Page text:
Well, I am just awed at the precision on display here.
Imagine you wanted to paint a double bottom, or at least convince other market participants that a double bottom had occurred. What would you do?
Well, I would defend the prior low with everything I had, drive the buying back over that line over and over again, and then close the ““markets”” just a whisker above the former low.
That way, the only possible interpretation is that the former low held firm and even made a “higher low.” That’s what you’d want to see if you were looking for a tradeable bottom.
Here are the former lows from 10/29/18 and then today’s close for the major US indexes:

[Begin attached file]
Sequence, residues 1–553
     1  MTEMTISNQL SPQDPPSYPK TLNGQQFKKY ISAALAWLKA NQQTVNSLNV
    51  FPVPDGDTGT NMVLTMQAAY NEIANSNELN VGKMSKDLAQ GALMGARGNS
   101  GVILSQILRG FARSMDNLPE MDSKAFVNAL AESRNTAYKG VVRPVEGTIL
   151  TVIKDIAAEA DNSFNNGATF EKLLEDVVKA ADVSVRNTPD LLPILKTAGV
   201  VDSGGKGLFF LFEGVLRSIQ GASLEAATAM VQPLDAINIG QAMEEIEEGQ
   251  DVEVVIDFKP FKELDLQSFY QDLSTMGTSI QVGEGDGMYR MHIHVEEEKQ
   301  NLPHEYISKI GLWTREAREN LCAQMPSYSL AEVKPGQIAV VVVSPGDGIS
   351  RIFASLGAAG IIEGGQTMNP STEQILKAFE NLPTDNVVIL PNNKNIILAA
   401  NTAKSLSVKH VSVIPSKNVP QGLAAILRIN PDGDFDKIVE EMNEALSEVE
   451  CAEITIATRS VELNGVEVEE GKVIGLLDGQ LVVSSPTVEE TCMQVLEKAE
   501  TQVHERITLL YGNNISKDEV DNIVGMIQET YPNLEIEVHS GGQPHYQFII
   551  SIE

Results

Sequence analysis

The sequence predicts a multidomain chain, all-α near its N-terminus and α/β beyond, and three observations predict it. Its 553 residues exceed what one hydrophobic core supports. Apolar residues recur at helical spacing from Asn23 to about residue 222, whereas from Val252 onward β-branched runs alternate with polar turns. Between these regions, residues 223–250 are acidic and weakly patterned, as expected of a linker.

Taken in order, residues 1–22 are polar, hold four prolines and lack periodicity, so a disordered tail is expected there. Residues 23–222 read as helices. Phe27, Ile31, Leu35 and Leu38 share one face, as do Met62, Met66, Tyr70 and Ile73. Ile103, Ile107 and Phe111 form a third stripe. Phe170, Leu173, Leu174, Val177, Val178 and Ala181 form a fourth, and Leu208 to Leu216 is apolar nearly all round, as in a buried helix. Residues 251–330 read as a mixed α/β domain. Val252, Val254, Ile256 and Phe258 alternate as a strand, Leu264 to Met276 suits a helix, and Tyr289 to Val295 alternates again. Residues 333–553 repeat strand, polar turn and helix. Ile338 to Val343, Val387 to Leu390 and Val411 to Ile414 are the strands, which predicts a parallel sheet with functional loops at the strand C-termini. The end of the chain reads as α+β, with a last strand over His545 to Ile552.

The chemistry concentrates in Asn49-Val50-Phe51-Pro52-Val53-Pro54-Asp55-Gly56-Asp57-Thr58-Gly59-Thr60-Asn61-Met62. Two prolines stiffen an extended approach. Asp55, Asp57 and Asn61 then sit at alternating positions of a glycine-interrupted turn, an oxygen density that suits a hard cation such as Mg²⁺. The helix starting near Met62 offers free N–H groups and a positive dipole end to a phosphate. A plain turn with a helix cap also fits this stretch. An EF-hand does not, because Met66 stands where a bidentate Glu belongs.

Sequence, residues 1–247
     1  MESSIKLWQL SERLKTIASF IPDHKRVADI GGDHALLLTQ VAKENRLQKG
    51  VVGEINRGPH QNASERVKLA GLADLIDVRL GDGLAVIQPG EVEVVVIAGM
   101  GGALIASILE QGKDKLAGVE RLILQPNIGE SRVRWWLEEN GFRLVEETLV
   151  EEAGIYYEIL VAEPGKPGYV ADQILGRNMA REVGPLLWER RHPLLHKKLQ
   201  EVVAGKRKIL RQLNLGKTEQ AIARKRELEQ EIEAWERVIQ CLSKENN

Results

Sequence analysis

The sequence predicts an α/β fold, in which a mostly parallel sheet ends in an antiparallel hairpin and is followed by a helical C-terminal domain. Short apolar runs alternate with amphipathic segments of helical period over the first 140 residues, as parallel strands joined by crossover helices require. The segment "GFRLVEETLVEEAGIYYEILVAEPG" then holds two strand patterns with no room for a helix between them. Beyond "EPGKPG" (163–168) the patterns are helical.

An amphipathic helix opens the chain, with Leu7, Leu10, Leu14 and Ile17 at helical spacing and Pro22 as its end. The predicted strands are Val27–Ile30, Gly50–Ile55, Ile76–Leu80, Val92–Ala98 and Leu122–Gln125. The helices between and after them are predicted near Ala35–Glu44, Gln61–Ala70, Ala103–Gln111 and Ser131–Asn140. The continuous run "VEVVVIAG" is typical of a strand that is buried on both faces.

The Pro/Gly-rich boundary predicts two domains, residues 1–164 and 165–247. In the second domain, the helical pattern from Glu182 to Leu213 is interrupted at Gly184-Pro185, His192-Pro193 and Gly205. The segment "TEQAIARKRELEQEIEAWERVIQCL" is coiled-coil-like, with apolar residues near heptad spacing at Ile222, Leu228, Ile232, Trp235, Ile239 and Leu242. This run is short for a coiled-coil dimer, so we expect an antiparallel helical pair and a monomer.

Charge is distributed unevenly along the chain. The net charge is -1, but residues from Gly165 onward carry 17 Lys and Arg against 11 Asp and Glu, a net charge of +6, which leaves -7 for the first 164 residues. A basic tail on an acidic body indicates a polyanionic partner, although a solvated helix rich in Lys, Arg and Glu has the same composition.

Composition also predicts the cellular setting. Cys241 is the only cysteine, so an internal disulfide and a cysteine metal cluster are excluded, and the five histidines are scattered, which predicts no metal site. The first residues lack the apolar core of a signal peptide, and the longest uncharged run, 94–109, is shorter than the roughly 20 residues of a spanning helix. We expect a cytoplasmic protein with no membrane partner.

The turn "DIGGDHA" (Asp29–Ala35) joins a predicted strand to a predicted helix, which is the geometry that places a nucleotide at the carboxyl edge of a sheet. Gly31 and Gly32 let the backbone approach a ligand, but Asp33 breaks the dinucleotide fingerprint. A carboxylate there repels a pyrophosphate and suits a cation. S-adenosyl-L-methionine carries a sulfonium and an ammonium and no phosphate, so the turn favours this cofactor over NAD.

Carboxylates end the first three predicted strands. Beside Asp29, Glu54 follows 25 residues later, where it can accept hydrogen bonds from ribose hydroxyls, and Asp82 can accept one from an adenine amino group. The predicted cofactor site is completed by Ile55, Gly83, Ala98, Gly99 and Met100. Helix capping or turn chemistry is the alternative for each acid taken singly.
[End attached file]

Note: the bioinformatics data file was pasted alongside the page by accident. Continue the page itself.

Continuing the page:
Dow: (Low) 24,442.91
(today’s close) 24,465.64
S&P 500: (Low) 2,641.25
(today’s close) 2,641.89
Russel 2000: (Low) 1,468.70
(today’s close) 1,469.18
Nasdaq: (Low) 7,050.29
(today’s close) 6,908.82
– Dow is +22.73 points from the 10/29 low or +0.09%
– S&P 500 is +0.64 points from the 10/29 low or +0.02%
– Russel is +0.48 points from the 10/29 low or +0.03%
– Nasdaq is -141.47 points from the 10/29 low or -2.01%
That’s some mighty fine precision there with only the Nasdaq playing odd-man-out. Think of the odds of three out of four major averages magically closing less than 0.1% above their respective former lows. But above is above, amiright?
If I were trading this mess (and to be clear I am not, nor is this advice) I would seriously consider buying the futures here for an overnight pop with a tight stop, just in case. Wouldn’t you agree, this looks like the bottom might be in?
But this certainly has a manufactured feel to it, the question is, can it hold?